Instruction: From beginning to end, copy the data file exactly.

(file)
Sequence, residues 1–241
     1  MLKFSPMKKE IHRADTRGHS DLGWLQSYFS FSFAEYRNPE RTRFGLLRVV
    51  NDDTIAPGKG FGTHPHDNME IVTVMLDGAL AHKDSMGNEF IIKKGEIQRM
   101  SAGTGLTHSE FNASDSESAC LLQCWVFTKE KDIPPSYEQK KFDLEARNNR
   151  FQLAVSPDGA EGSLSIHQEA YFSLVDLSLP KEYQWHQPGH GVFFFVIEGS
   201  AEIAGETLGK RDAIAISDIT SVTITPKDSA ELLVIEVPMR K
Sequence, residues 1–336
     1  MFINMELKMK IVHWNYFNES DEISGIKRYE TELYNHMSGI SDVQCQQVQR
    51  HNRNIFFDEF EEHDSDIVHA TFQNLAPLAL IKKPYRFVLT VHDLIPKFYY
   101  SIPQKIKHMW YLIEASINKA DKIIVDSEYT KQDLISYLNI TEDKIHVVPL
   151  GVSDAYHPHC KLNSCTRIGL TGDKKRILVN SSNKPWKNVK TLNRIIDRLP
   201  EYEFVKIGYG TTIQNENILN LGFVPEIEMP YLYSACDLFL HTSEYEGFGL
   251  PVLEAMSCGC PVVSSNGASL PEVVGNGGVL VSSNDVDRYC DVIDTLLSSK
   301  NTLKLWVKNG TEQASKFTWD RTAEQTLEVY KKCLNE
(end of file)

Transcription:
Sequence, residues 1–241
     1  MLKFSPMKKE IHRADTRGHS DLGWLQSYFS FSFAEYRNPE RTRFGLLRVV
    51  NDDTIAPGKG FGTHPHDNME IVTVMLDGAL AHKDSMGNEF IIKKGEIQRM
   101  SAGTGLTHSE FNASDSESAC LLQCWVFTKE KDIPPSYEQK KFDLEARNNR
   151  FQLAVSPDGA EGSLSIHQEA YFSLVDLSLP KEYQWHQPGH GVFFFVIEGS
   201  AEIAGETLGK RDAIAISDIT SVTITPKDSA ELLVIEVPMR K
Sequence, residues 1–336
     1  MFINMELKMK IVHWNYFNES DEISGIKRYE TELYNHMSGI SDVQCQQVQR
    51  HNRNIFFDEF EEHDSDIVHA TFQNLAPLAL IKKPYRFVLT VHDLIPKFYY
   101  SIPQKIKHMW YLIEASINKA DKIIVDSEYT KQDLISYLNI TEDKIHVVPL
   151  GVSDAYHPHC KLNSCTRIGL TGDKKRILVN SSNKPWKNVK TLNRIIDRLP
   201  EYEFVKIGYG TTIQNENILN LGFVPEIEMP YLYSACDLFL HTSEYEGFGL
   251  PVLEAMSCGC PVVSSNGASL PEVVGNGGVL VSSNDVDRYC DVIDTLLSSK
   301  NTLKLWVKNG TEQASKFTWD RTAEQTLEVY KKCLNE